Thus, regarding it in the mass, the lowest life is that found in the sea; and it has the simplest environment. Marine creatures are affected by no such multiplicity of coexistences and sequences as terrestrial ones. Being very nearly of the same specific gravity as the surrounding medium, they have not to contend with those various mechanical actions which mammals and birds are subject to in their motions on the earth and through the air. The zoophyte rooted to a stone, and the acalephe passively borne along in the current, need to undergo no internal changes such as those by which the caterpillar meets the varying effects of gravitation while creeping over and under the leaves. Again, this aboriginal environment—this environment to which all the earliest forms of life known to geologists belong—is liable to none of those marked alterations of temperature which the air suffers. Night and day produce no appreciable modifications in it; and it is but little affected by the seasons. Thus its contained fauna show no marked correspondences similar to those by which air-breathing creatures counterbalance thermal changes. Again, in respect to the supply of nutriment the conditions are far more simple. The lower tribes of animals inhabiting the water, like the plants inhabiting the air, have their food brought to them. The same current which brings oxygen to the oyster, also brings it the microscopic organisms on which it lives: the disintegrating matter and the matter to be integrated, coexist under the simplest relation. But it is otherwise with land animals. The oxygen is everywhere; but that which is needed to neutralize its action is not everywhere; it has to be sought; and the conditions under which it is to be obtained are more or less complex. So again with the fluid by whose agency only, the vital processes can be carried on. To marine creatures, water is ever present; and by the lowest is passively absorbed: but to most creatures living on the earth and in the air, it is available only after they have undergone those nervous changes constituting perception, and those muscular ones by which drinking is effected. Similarly, the contrast might be continued with respect to the electric and hygrometric variations, and the greater multiplicity of optical and acoustic phenomena with which terrestrial life is surrounded. And tracing upwards from the amphibia the widening extent and complexity which the environment, as practically considered, assumes—observing further how that gradually-increasing heterogeneity in the flora and fauna of the globe, which time has produced, has itself progressively complicated the environment of each species of organism—it might finally be shown that the same general truth is displayed in the history of the human race: whose advance in civilization has been simultaneous with their advance from the less varied requirements of the torrid zone to the more varied requirements of the temperate zone; whose chief steps have been made in regions presenting a complicated physical geography; and who, in the course of their progress, have been adding to their physical environment a social environment that has been growing even more involved. Thus, neglecting details, it is clear that as an average fact, those relations in the environment to which the relations in the organism must correspond, themselves increase in number and intricacy as the life assumes a higher form.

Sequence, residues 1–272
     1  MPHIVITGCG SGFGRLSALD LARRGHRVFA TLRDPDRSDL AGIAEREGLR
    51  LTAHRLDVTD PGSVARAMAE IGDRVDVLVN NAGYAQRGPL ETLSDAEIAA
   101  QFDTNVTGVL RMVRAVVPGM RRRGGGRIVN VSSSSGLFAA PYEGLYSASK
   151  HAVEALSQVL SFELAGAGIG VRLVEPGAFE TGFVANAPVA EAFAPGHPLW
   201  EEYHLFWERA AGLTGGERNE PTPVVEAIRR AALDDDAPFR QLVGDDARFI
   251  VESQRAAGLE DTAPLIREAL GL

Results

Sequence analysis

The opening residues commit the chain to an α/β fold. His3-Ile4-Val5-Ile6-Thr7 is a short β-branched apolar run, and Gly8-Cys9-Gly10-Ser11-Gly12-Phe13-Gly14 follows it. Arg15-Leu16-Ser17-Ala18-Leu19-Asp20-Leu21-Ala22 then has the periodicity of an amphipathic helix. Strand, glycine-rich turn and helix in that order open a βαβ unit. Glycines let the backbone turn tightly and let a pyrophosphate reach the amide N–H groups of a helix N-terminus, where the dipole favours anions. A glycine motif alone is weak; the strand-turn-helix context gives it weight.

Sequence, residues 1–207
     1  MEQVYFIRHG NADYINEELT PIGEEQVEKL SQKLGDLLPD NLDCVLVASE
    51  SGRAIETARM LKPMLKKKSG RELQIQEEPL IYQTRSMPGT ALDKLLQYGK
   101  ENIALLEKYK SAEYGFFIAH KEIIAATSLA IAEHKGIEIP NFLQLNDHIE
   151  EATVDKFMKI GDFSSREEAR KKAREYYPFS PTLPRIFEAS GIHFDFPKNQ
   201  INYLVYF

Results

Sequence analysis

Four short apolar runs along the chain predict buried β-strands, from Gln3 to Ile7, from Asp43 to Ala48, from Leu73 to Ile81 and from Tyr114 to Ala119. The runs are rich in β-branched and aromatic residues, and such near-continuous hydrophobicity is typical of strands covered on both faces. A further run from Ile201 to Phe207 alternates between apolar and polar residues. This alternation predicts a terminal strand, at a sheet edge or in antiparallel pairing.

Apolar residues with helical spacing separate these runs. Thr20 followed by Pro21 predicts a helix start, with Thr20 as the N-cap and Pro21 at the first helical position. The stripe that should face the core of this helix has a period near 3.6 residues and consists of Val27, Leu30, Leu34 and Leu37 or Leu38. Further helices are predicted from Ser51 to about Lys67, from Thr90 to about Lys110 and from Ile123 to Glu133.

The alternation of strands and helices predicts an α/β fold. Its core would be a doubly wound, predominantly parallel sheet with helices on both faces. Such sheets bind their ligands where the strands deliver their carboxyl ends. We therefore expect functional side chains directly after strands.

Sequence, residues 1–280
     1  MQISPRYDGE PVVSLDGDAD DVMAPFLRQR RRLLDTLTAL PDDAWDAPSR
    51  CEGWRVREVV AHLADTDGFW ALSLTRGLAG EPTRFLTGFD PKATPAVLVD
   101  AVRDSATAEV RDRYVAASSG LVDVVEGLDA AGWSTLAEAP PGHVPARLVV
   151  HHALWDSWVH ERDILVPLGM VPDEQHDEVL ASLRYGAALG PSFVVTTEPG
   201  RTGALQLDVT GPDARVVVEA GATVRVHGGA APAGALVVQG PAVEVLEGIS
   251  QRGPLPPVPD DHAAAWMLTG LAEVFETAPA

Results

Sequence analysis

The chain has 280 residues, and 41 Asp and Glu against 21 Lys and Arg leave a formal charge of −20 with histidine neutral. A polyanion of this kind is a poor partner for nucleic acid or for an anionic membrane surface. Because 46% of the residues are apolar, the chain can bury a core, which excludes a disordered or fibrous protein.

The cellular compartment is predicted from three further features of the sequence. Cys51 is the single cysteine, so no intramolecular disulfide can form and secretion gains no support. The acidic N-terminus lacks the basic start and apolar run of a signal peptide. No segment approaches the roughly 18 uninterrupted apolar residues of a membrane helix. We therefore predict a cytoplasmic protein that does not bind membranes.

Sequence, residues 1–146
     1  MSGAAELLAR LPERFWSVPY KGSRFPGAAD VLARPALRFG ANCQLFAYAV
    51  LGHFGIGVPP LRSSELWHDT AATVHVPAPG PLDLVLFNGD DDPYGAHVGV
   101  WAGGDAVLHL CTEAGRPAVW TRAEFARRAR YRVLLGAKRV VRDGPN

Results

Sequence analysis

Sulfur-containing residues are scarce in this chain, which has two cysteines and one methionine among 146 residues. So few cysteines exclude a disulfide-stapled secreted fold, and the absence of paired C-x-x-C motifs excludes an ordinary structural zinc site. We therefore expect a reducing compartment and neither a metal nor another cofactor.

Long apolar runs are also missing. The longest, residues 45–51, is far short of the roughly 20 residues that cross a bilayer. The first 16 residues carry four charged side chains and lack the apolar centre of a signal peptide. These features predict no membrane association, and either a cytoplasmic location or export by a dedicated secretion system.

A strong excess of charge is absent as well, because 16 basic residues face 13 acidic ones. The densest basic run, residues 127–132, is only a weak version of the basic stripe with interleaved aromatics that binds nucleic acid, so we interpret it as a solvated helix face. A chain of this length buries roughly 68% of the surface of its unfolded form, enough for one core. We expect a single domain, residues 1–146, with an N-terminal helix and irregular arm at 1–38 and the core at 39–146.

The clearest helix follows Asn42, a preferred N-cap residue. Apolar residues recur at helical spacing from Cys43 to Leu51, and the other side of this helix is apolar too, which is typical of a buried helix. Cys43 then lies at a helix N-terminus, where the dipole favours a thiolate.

§ 124. As tending to bring into yet clearer view the fact that the degree of life varies as the degree of correspondence, I may here point out, that those other qualifications which were successively introduced when seeking to distinguish vital changes from non-vital changes, are all implied in this last qualification—their correspondence with external coexistences and sequences; and further, that the peculiarity seen in each of those qualifications—namely, that the higher the life the more it is fulfilled—is involved in the analogous peculiarity of this last qualification—namely that the life is high in proportion as the correspondence is great. To descend to particulars:—We saw that living organisms are characterized by successive changes; and that as the life becomes greater, the successive changes become more numerous. Well, the environment is full of successive changes, both positive and relative; and the more complete the correspondence, the greater the number of successive changes an organism must display. We saw that life presents simultaneous changes; and that the more elevated it is, the greater the multiplicity of them. Well, besides the countless phenomena of coexistence, there are often many changes occurring at the same moment in the environment; and hence increased correspondence with it, presupposes an increased display of simultaneous changes in the organism. So, too, is it, with the heterogeneity of the changes. In the environment the relations are extremely varied in their kinds; and hence, as the organic actions come more and more into correspondence with them, they also must become extremely varied in their kinds. So again is it, even with definiteness of combination. For though the inorganic bodies of which the environment mainly consists, do not present definitely-combined changes, yet they present definitely-combined properties; and though the minor meteorological changes of the environment do not show much definiteness of combination, yet those resulting from day and night and the seasons do. Add to which, that as the environment of each organism comprehends all those other organisms existing within its sphere of life; as the most important and most numerous changes in the environment, with which each creature has to deal, are the changes exhibited by other creatures, whether prey or enemies; and as these changes are in more or less definite combination; it results that definiteness of combination is a general characteristic of the external changes with which internal ones have to correspond. Hence, increase of correspondence involves increased definiteness of combination. And thus it is manifest that throughout, the correspondence of the internal relations with the external ones is the essential thing; and that all the special characteristics of the internal relations, are but the collateral results of this correspondence.